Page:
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Natural Gas Weekly Update

for week ending January 18, 2017   |  Release date:  January 19, 2017   |  Next release:  January 26, 2017   |   Previous weeks


JUMP TO: In The News | Overview | Prices/Supply/Demand | Storage

In the News:

Cold winter in Asia prompts record levels of U.S. LNG exports

U.S. exports of liquefied natural gas (LNG) from Sabine Pass LNG terminal reached a record level in December, with 12 exported cargoes totaling an estimated 42.8 billion cubic feet (Bcf) of natural gas. This exceeds the record set in the previous month, when 10 cargoes (33.6 Bcf) were exported out of Sabine Pass. Sabine Pass is the first LNG export facility in the Lower-48 states, and December’s exports are at or near the maximum capacity that currently can be produced. The majority (eight cargoes) of exports in December were shipped to Asia, where cold winter temperatures increased residential heating demand and rising spot LNG prices led to larger price spreads between the Atlantic and Pacific basins, providing greater incentive for exports from the United States.

The increase in Asian spot LNG prices reflect an increase in crude oil prices and supply shortages resulting from unplanned outages at the Soyo liquefaction plant in Angola and the Gorgon facility in Australia in November and December. Spot LNG prices in Japan reached $8.00 per million British thermal units (MMBtu) in December, the highest level since August 2015, according to Japan’s Ministry of Economy, Trade and Industry statistics. The Singapore SLiNG index, which provides assessment of spot LNG prices in North Asia and Singapore, has also increased, averaging $8.25/MMBtu in December, the highest level in 2016.

Sabine Pass started exporting LNG in February 2016. Over the first nine months of its operation, South America was the main destination of U.S. LNG exports, accounting for 48% of the total, according to DOE data. As spot LNG prices began to increase in Asia, more U.S. LNG exports were shipped to Asian countries.

Following record high levels of LNG exports in November and December, exports from Sabine Pass in January remain high, with 8 cargoes already exported and several more vessels currently en route to the terminal. Feedstock gas deliveries to Sabine Pass set a new record in January, averaging 1.7 billion cubic feet per day (Bcf/d) to-date, according to data from PointLogic. Since this volume exceeds the maximum combined nameplate capacity of Train 1 and Train 2 of 1.4 Bcf/d, feedstock gas deliveries may indicate the start of commissioning of Train 3. Train 3 is expected to reach “substantial completion” by June 2017 and to start exporting LNG in April 2017, according to the terminal’s operator Cheniere.

Overview:

(For the Week Ending Wednesday, January 18, 2017)

  • Natural gas spot prices were mostly down across the country this report week (Wednesday, January 11 to Wednesday, January 18). The Henry Hub spot price fell 3¢ from $3.28/MMBtu last Wednesday to $3.25/MMBtu yesterday.
  • At the New York Mercantile Exchange (Nymex), the February 2017 contract price rose 8¢ from $3.224/MMBtu last Wednesday to $3.302/MMBtu yesterday.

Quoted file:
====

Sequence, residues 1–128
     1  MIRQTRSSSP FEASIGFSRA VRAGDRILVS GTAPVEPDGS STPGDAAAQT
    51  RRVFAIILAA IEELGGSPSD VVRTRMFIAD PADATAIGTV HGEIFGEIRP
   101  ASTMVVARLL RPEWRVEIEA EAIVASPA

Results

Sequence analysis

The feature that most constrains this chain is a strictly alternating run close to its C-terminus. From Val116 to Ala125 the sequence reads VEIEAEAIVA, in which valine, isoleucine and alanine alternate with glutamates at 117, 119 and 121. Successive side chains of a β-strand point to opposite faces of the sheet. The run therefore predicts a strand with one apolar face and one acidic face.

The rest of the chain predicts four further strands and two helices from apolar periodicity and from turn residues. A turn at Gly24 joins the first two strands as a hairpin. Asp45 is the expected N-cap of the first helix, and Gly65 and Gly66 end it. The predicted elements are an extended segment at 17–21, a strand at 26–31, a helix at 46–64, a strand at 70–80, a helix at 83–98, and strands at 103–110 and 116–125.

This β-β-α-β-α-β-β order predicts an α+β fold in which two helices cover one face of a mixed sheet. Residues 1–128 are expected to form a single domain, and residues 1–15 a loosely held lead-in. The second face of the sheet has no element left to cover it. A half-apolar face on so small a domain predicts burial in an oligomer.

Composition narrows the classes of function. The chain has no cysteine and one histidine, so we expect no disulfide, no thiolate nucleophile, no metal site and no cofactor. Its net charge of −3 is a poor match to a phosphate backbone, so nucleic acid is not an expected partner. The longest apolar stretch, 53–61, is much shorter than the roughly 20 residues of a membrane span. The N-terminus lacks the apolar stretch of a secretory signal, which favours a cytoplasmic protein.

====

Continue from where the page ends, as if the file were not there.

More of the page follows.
• Net working gas withdrawals from storage totaled 243 Bcf for the week ending January 13. Working gas stocks stand at 2,917 Bcf, which is 3% below the five-year (2012–16) average for this week and 13% below last year at this time.
  • The natural gas plant liquids composite price at Mont Belvieu, Texas, fell by 11¢, closing at $6.76/MMBtu for the week ending January 13. The prices of natural gasoline, ethane, butane, and isobutane fell by 4%, 2%, 5%, and 6%, respectively. The price of propane rose by 3%.
  • According to Baker Hughes, for the week ending Friday, January 13, the natural gas rig count increased by 1 to 136. The number of oil-directed rigs fell by 7 to 522. The total rig count dropped by 6, and it now stands at 659.

more summary data

Prices/Supply/Demand:

Prices mostly decline across the United States. Prices this report week (Wednesday, January 11 to Wednesday, January 18) mostly fell except for in the Northeast. Temperatures were relatively consistent between last Wednesday and yesterday, resulting in relatively minor price movements through the week. The Henry Hub spot price fell 3¢ from $3.28/MMBtu last Wednesday to $3.25/MMBtu yesterday. At the Chicago Citygate, prices also decreased 3¢ to $3.22/MMBtu yesterday.

By contrast, prices at PG&E Citygate in Northern California gained 8¢, rising to $3.61/MMBtu yesterday. The price at SoCal Citygate rose 10¢ to $3.60/MMBtu yesterday. SoCalGas’ Aliso Canyon storage field in California has not yet returned to service and represents a large portion of natural gas storage availability in the region. The California Public Utilities Commission just released an updated draft report discussing Aliso Canyon’s current situation and potential impacts on reliability.

Northeast prices increase week over week. In the Northeast, temperatures began the report period well above seasonal norms, but fell throughout most of the period. At the Algonquin Citygate, which serves Boston-area consumers, prices went up 21¢ from $3.40/MMBtu last Wednesday to $3.61/MMBtu yesterday. At the Transcontinental Pipeline Zone 6 trading point for New York, prices increased 15¢ from $3.03/MMBtu last Wednesday to $3.18/MMBtu yesterday.

Prices at Dominion South, a Marcellus shale production area pricing point in northwest Pennsylvania, rose 14¢ from $2.81/MMBtu last Wednesday to $2.95/MMBtu yesterday.

The price of the February 2017 Nymex contract rises. At the Nymex, the price of the February 2017 contract increased 8¢, from $3.224/MMBtu last Wednesday to $3.302/MMBtu yesterday. The price of the 12-month strip (averaging February 2017 through January 2018 futures contracts) climbed 10¢ to $3.402/MMBtu.

Supply remains flat this week. According to data from PointLogic, the average total supply of natural gas remained the same as the previous report week, averaging 77.4 Bcf/d. Dry natural gas production grew by 1% compared with the previous report week. Average net imports from Canada decreased by 3% from last week.

Demand falls sharply. Total U.S. consumption of natural gas fell by 22% compared with the previous report week, according to data from PointLogic. The weather early last report period was extremely cold because of polar vortex conditions, resulting in overall higher demand last period compared to this period. Power burn declined by 22% week over week, industrial sector consumption decreased by 7%, and residential and commercial sector consumption declined by 29%. Natural gas exports to Mexico decreased 4%.